Following the recent revelation in a review of systematic pesticides that neonicotinoids are causing significant damage to invertebrate species and their populations a new study, published in the science journal Nature has revealed that the pesticides are also having a significant negative impact on bird species.

    Researchers in The Netherlands measured the effect of widespread use of a popular neonicotinoid, imidacloprid, discovering that when the chemical was highly concentrated in surface water supplies, local bird populations showed a significant decline. Birds most affected in the sites sampled included starling, tree sparrow and swallow. These declines were able to be tied in with the introduction of imidacloprid in the country in the mid-1990s, even when allowing for the effects of changing agricultural methods such as the intensification of farming

    Relatively small levels of imidacloprid in the water (around 20 nanograms per litre) were allied to a 30 per cent decline in bird numbers, but many water sources had up to 50 times this amount present. The abstract of the study can be read below:

    "Recent studies have shown that neonicotinoid insecticides have adverse effects on non-target invertebrate species. Invertebrates constitute a substantial part of the diet of many bird species during the breeding season and are indispensable for raising offspring. We investigated the hypothesis that the most widely used neonicotinoid insecticide, imidacloprid, has a negative impact on insectivorous bird populations. Here we show that, in the Netherlands, local population trends were significantly more negative in areas with higher surface-water concentrations of imidacloprid. At imidacloprid concentrations of more than 20 nanograms per litre, bird populations tended to decline by 3.5 per cent on average annually. Additional analyses revealed that this spatial pattern of decline appeared only after the introduction of imidacloprid to the Netherlands, in the mid-1990s. We further show that the recent negative relationship remains after correcting for spatial differences in land-use changes that are known to affect bird populations in farmland. Our results suggest that the impact of neonicotinoids on the natural environment is even more substantial than has recently been reported and is reminiscent of the effects of persistent insecticides in the past. Future legislation should take into account the potential cascading effects of neonicotinoids on ecosystems."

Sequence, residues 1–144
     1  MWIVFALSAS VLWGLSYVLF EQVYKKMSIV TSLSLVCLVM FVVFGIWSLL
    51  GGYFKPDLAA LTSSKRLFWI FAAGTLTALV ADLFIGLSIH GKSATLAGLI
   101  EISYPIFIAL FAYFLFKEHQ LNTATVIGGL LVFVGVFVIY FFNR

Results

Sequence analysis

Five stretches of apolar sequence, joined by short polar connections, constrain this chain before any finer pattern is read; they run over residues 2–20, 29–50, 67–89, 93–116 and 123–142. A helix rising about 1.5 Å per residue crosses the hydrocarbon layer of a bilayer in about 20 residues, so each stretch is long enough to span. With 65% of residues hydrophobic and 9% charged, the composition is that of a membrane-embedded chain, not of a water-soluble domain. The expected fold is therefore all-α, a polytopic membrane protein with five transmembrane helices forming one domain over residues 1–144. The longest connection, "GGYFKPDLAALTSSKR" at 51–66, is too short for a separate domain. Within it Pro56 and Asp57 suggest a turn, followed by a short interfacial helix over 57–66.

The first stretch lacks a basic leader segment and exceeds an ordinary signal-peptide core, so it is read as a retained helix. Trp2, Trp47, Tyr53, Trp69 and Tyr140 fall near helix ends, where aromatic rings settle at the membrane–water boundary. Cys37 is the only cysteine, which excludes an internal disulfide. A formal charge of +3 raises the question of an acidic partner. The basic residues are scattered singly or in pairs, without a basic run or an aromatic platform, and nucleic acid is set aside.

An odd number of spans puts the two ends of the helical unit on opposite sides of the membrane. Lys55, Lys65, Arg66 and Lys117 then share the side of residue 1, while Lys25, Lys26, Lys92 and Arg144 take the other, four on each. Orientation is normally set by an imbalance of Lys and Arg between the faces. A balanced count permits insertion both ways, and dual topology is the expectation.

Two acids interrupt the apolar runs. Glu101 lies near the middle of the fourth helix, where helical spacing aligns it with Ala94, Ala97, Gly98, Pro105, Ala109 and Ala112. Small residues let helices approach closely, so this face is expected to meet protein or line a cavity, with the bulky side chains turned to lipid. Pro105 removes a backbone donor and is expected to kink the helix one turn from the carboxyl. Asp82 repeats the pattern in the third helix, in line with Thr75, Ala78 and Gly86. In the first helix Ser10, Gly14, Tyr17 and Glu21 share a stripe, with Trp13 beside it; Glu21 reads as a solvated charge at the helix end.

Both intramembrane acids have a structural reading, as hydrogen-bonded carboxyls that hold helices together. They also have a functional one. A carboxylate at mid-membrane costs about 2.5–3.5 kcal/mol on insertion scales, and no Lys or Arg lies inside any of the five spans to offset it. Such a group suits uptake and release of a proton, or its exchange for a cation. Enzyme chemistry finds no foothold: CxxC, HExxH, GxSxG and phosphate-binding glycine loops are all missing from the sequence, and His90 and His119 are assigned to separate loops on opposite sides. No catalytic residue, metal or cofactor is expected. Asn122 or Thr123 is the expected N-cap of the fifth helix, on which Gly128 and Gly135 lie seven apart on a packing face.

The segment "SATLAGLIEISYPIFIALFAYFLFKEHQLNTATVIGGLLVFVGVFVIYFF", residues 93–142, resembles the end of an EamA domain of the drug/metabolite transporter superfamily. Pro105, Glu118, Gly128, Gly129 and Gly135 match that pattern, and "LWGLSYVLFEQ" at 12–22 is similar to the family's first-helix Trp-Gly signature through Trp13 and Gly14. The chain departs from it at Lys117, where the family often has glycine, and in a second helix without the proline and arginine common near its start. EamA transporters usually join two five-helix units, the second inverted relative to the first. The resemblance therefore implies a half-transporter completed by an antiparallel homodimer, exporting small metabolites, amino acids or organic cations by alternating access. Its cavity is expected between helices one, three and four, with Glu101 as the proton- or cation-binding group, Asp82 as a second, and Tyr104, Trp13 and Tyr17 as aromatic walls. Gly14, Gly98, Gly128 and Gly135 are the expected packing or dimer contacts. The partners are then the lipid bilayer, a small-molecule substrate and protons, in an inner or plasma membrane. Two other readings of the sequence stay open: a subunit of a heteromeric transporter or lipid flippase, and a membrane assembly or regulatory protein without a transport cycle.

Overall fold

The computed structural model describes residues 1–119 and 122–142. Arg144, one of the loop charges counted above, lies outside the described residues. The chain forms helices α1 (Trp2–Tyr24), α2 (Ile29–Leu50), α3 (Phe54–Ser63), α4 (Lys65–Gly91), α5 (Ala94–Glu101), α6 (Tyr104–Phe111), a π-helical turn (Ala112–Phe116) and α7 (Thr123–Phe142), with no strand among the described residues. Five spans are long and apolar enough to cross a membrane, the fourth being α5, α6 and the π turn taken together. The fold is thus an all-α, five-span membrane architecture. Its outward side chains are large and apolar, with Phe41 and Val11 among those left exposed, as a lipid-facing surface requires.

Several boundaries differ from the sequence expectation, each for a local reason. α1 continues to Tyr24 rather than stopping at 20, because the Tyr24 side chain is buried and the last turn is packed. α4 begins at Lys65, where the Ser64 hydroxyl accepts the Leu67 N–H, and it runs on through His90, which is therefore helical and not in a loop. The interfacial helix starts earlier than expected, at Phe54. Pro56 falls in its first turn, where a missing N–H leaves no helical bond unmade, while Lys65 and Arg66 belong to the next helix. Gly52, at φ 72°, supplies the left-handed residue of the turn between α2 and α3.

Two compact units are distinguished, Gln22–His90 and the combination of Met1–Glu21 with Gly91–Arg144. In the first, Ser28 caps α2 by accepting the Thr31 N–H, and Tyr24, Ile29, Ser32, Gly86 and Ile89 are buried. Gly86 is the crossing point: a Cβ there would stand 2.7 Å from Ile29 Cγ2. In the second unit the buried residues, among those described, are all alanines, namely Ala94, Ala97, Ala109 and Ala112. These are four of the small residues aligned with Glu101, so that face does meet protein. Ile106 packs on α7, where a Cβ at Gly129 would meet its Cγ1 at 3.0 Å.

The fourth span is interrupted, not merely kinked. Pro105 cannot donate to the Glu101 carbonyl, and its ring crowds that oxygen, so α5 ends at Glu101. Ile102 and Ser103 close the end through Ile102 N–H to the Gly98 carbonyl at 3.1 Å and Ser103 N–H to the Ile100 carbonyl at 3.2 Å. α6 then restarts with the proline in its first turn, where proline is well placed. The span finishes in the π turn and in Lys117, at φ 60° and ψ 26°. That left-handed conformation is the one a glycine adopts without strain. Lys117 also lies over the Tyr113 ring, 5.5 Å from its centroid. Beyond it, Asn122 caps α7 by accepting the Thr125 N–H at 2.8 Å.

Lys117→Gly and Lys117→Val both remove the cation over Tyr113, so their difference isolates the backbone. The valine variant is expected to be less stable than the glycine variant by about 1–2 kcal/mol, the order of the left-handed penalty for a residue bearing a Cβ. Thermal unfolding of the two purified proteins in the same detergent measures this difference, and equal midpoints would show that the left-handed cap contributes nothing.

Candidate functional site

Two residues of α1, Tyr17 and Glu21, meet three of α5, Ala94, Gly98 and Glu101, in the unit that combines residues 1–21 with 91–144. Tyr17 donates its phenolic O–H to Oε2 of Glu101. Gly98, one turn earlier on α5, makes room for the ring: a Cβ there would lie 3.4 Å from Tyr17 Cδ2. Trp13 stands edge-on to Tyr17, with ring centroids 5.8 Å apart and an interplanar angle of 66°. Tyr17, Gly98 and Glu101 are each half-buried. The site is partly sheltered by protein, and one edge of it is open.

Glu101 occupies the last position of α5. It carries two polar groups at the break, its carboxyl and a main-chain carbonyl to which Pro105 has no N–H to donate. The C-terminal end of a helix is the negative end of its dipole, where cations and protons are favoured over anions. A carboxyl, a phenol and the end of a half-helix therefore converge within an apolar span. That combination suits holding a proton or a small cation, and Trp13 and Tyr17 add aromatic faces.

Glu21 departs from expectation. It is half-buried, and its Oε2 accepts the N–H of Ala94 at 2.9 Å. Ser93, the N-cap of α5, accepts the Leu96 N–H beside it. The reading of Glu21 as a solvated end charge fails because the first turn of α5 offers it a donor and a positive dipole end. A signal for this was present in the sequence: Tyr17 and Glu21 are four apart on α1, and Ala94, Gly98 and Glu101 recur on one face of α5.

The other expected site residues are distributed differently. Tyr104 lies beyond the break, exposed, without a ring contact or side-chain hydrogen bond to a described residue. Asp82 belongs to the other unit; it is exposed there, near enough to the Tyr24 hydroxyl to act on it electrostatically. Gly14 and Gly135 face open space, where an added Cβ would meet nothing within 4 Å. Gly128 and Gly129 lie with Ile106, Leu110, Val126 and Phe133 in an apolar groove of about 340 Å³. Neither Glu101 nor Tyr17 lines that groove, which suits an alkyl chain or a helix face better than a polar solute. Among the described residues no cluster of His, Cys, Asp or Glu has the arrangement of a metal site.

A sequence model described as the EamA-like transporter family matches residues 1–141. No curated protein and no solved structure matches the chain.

Songbirds rely on plentiful numbers of invertebrates to feed their growing chicks, in the process helping to keep the numbers of pest species down. Insect-eating birds' positions near the apex of rural ecological food pyramids also result in contaminants concentrating over time to produce indiscriminately deadly results, as was shown by the famous case of DDT (along with DDE), which thinned the eggshells of some birds of prey, including peregrine falcon, resulting in higher chick mortality.